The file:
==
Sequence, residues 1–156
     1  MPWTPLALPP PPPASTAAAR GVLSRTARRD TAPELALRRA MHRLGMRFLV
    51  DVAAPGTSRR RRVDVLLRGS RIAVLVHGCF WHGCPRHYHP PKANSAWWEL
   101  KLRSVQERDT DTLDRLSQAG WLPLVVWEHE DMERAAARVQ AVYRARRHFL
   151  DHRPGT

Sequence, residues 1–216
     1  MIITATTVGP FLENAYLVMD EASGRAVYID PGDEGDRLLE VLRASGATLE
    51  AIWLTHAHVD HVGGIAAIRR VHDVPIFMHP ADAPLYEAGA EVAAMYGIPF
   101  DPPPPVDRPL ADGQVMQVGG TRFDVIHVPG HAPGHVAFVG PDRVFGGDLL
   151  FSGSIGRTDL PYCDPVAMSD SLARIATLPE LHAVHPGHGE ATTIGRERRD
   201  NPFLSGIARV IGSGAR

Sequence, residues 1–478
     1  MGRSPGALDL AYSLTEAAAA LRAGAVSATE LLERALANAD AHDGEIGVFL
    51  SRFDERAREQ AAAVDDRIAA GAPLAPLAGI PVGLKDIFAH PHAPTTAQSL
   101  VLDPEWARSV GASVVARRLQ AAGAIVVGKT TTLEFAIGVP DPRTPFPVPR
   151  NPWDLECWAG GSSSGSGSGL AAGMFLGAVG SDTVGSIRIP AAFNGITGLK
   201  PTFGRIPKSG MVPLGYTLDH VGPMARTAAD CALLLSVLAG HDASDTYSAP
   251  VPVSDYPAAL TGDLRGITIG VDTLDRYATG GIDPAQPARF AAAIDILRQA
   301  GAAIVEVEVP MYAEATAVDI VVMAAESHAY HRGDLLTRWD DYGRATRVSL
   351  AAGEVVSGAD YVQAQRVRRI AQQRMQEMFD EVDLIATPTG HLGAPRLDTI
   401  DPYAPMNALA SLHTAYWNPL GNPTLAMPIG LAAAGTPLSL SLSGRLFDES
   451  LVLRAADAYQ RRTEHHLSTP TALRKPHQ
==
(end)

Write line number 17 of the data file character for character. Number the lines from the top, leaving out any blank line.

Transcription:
   201  PTFGRIPKSG MVPLGYTLDH VGPMARTAAD CALLLSVLAG HDASDTYSAP